Which is better, two antennas or one amplified antenna?

By now you’ve probably read our tutorial on combining two antennas. It’s one of the most popular articles in our history. Is it really the better way to go, though? Or, will a simple antenna amplifier do a better job for you? Let’s take a look.

What’s the point?

Whether it’s amplifying or adding hardware, the reason is the same: more signal. Specifically, more gain. We want better reception, we want to be able to pick up signals we couldn’t pick up before. In order to do that, we need more of something. I like to tell people that RF signals are like butterflies and an antenna is like a net. The easiest way to catch more of them is with a bigger net.

I admit that’s not a perfect analogy because it’s not enough to make an antenna bigger just to make it bigger. It has to be bigger in just the right way. Broadcasts are all on “frequencies” and “frequencies” translate out to “wavelengths.” I put all these terms in quotes because it’s not about your deep understanding of the physics behind it all. It’s about understanding that the higher the frequency (or the channel number, in the case of TV) the shorter the wavelengths get. And, an antenna does its best work when its physical size is matched up to the length of the wave it’s trying to receive.

If you look at at it that way, two or four antennas should pick up a lot more signal. And they do, if they’re put together right. An array of two antennas should pull in double the signal, and an array of four should pull in four times the signal. That’s the idea behind our Xtreme Signal HDB8X. At its heart, it’s four of our HDB2X antennas put together. The HDB2X has about 8dB of gain, while the HDB8X has about 18dB. In a perfect world it would have 24dB of gain but you lose some of that in the wiring and splitters that make up the rest of the antenna.

And then there are amplifiers.

An amplifier takes a signal from an antenna (or anything, really) and adds to it. It’s pretty common for amplifiers to have up to 20dB of gain. All you have to do is put it inline with the antenna and plug it in. It’s a lot simpler than wiring up two antennas. It’s usually less expensive too.

More gain is better gain, unless…

You might have noticed that an amplifier can add 20dB of gain while adding three more panel antennas only added 10dB of gain. You don’t have to know much about signals or dBs or any of that to know that you want more dBs and 20 is more than 10. So on the face of it the amplifier would win hands down, right? There’s only one thing you really need to think about here. And that one thing… changes it all.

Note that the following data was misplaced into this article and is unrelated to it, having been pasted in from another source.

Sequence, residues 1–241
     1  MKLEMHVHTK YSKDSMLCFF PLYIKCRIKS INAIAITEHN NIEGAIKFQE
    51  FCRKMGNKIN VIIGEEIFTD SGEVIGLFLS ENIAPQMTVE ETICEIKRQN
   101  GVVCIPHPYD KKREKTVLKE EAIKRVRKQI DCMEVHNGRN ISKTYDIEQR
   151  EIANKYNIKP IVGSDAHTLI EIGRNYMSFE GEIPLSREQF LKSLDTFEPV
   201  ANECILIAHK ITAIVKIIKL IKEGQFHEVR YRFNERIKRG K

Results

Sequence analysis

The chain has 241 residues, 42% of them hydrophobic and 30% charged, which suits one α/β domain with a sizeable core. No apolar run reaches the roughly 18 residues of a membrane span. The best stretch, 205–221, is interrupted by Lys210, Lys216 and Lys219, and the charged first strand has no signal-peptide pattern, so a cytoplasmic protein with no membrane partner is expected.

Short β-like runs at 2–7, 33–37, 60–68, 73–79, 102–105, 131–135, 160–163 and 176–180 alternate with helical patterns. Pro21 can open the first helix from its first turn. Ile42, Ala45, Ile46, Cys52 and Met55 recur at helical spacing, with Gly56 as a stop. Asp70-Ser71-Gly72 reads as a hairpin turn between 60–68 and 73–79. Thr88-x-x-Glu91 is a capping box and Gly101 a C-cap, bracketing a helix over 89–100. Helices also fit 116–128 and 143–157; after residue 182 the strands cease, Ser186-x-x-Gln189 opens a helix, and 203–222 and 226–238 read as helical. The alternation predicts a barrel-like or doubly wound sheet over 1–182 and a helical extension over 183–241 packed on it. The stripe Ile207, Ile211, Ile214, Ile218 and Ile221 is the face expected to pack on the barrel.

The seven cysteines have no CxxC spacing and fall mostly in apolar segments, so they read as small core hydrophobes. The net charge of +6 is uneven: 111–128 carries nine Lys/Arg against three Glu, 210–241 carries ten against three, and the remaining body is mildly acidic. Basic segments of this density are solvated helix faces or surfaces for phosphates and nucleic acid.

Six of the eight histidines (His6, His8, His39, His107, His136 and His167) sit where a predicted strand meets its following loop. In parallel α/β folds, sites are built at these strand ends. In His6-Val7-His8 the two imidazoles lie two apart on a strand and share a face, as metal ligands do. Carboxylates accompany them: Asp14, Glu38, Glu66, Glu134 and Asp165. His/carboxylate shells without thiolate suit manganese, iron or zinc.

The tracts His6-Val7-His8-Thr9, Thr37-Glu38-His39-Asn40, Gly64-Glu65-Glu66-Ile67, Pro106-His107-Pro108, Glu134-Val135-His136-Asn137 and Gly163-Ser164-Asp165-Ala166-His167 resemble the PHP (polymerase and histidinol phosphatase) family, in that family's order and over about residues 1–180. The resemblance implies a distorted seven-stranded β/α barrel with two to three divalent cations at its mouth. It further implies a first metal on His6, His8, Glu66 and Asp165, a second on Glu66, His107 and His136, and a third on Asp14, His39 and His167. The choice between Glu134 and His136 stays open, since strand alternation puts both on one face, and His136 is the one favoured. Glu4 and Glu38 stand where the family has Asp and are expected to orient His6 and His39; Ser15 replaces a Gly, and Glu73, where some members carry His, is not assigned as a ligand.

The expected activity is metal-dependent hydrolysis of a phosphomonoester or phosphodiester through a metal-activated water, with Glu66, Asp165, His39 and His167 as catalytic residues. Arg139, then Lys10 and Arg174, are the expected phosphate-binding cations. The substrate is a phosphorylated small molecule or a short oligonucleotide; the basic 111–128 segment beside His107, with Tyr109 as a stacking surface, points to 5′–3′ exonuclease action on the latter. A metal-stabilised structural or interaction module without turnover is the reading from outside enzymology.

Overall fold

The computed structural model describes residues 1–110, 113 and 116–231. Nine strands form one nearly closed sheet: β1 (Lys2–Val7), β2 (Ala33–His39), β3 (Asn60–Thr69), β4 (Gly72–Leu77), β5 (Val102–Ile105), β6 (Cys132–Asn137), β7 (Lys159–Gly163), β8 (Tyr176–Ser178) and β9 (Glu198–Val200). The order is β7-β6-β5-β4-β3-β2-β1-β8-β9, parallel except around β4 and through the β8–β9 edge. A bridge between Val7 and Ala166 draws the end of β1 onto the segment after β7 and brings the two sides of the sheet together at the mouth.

An amplifier can increase the strength of a signal, but it can’t create a signal where one isn’t there. It also amplifies the noise that’s around the signal, and that’s a problem with really weak signals. (Face it, if the signal were strong you wouldn’t want to amplify it anyway.) An amplifier is a good bet where the signal is pretty weak but not very weak, but for truly weak signals an amplifier won’t do anything for you. It could actually make things worse.

The old-schoolers say…

Ask your typical grizzled antenna veteran and he will tell you that the better way to go is to add more antennas. This is going to pull in the weakest of the weak signals. Another option is a truly giant antenna but sometimes those are hard to come by.

However, that veteran would be well versed in making his own cables and making sure that everything is properly spaced. That’s critical to avoid “phasing” issues where the signal from one antenna cancels out the signal from another. If you’re good at that stuff, it’s easy. If you’re not, it can be a big issue.

An array of multiple antennas is going to give you the best chance of pulling in truly weak signals. It’s just up to you to decide if you can make it happen.

The modern solution

A lot of people use amplifiers today instead of using multiple antennas. This means the antenna itself can be smaller and you will still get some benefit from the extra gain. Smaller antennas look better to many people and you won’t run afoul of the homeowners association. The HOA or condo board has the right to complain if your antenna gets bigger than 39″ in any direction. So, while an amplifier might not be a perfect solution… like a lot of things today it’s a good compromise.

Whether you need more antennas or antenna amplifiers, you’ll find the best of everything at SolidSignal.com. You’ll even find all the accessories you need to make whatever sized array you want.

About the Author

Stuart Sweet
Stuart Sweet is the editor-in-chief of The Solid Signal Blog and a "master plumber" at Signal Group, LLC. He is the author of over 8,000 articles and longform tutorials including many posted here. Reach him by clicking on "Contact the Editor" at the bottom of this page.